No one can accuse Elaine Morrison of not speaking her mind.
Whether it’s updating and wordsmithing a Gilbert Unified School District board policy, or reading from a prepared statement on why she chose the controversial Campo Verde High School name, Morrison’s view on an issue is usually quite clear.
“It is my responsibility to look out for every student,” Morrison said.
However, after 14 years on the Gilbert school board Morrison has decided to focus more on family, her Flagstaff art gallery and the family’s farming business.
Her open seat on the Gilbert governing board will be filled by newly elected E.J. Anderson, a journalist, Rio Salado College spokeswoman and mother of five.
The 57-year-old Morrison chose to retire from the school board after serving from 1990 to 2002, and then from 2006 when she was appointed to fill a vacant seat. She received the Arizona School Board Association’s Honor Roll Award on Dec. 11 for her years of service. She’s known as a leader, an eloquent speaker and one who has high expectations for the district’s curriculum and protocol.
Some of her views have angered many parents this year, especially with the Campo Verde name and the suggestion of 23-credit graduation requirements.
However, those who work closely with Morrison note her knowledge in all subjects, her work ethic and her community service.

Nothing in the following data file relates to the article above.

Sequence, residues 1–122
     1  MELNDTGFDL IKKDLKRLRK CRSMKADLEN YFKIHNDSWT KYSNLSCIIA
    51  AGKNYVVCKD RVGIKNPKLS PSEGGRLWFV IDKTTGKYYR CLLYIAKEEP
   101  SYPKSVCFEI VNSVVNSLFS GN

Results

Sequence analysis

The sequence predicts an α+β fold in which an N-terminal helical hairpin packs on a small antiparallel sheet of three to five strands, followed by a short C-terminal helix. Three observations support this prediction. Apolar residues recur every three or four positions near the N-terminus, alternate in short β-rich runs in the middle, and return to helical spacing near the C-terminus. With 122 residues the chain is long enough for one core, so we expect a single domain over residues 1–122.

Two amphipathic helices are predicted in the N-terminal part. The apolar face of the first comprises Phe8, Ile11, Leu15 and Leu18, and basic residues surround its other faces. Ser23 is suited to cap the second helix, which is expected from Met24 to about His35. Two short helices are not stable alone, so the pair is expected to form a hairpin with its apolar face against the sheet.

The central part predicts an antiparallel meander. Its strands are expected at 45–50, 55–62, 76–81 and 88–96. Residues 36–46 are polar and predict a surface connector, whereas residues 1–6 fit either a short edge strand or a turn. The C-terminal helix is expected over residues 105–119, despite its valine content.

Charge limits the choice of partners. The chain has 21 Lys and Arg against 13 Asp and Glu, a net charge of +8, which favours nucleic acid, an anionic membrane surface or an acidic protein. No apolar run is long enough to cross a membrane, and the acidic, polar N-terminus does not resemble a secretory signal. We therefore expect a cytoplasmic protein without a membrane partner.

Gilbert district associate superintendent Nikki Blanchard said she was “continually impressed” with Morrison’s “calm problem-solving ability, her commitment to the district and her high standards.”
“Elaine always looks at all angles when a problem or concern was raised,” wrote Blanchard in her nomination letter for Morrison’s recent honor roll award. “She is able to suspend her own agenda and acted in the best interest” of the district.
Morrison’s last few motions on the school board were some of the most controversial decisions upheld by the board this year, including naming Campo Verde High School and requiring next year’s freshmen to have 23 credits as a graduation requirement.
Morrison said she is puzzled why so many took the issue and “personalized” it to her.
Morrison also remembers in the 1990s opposing parents who wanted certain books removed from the school library, such as Judy Blume books and some horror stories.